Garrick Ohlsson was born April 3, 1948, in White Plains, N.Y., he began his piano studies at the Westchester Conservatory of Music, later entering The Juilliard School, in New York City. As a student of Claudio Arrau, he has established himself as a master of the works of Mozart, Beethoven and Schubert, though he performs the entirety of the piano repertoire extending into the 21st century, as well as pieces commissioned for himself. Ohlsson was awarded the First prizes at the 1966 Busoni Competition in Italy and the 1968 Montréal Piano Competition, in addition to being the winner of the 1970 Chopin International Piano Competition, for which he remains the only American winner. He is a founding member of the FOG Trio with violinist Jorja Fleezanis and cellist Michael Grebanier.
In 1994 Ohlsson was awarded the Avery Fisher Prize and in 1998 he received the University Musical Society Distinguished Artist Award in Ann Arbor, MI. In 2008 he re-released his 16-disc set of the Complete Works of Chopin followed in 2010 by a complete set of the Brahms piano variations. In 2011 he was honoured with a Grammy award for his recording of Rachmaninoff’s Third Piano Concerto. Mr Ohlsson was featured in the documentary The Art of Chopin in recognition of the Chopin bicentenary in 2010 and was the 2014 recipient of the Jean Gimbel Lane Prize in Piano Performance from the Northwestern University Bienen School of Music. The artist currently resides in San Francisco, California.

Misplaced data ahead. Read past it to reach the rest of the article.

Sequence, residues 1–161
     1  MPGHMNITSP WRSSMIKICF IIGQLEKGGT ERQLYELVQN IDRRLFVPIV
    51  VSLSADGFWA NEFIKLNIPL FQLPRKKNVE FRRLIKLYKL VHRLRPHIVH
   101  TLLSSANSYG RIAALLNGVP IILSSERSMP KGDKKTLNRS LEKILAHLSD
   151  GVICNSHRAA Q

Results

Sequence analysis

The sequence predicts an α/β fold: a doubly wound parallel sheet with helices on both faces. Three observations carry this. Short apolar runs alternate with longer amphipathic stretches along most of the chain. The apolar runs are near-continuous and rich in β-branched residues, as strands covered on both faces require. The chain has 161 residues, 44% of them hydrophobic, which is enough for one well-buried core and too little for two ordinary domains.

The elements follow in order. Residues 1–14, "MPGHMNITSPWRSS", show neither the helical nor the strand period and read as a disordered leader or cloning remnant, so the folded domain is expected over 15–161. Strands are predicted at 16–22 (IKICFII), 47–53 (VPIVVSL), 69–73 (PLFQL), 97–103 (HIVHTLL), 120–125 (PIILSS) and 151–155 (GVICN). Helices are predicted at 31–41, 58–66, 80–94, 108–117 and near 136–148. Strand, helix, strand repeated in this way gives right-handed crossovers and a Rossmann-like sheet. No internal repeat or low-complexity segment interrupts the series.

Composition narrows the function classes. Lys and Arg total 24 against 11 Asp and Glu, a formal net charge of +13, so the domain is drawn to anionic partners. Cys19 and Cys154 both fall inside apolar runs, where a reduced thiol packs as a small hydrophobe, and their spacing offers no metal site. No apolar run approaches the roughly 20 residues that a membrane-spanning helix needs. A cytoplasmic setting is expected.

Alexander Scriabin composed ten piano sonatas that are staples of the repertoire, with the Fifth Piano Sonata being the most popular. Scriabin's hundreds of preludes, études and poems are considered masterpieces of the 20th century. Scriabin's style transformed enormously as he matured. His early work is romantic and accessible, while his later compositions explore the reaches of harmony. Scholars have hypothesized that if Scriabin had lived longer, he would have preceded the Austrian school of serialism and Moscow would have become the centre of atonality. Upon Scriabin's sudden death, his friend and classmate, Sergei Rachmaninoff, toured Russia in a series of all-Scriabin recitals for the first time performing music other than his own. At that time, Scriabin was known as a pianist and Rachmaninoff was considered only as a composer.
Alixandra Porembski, English Language Annotator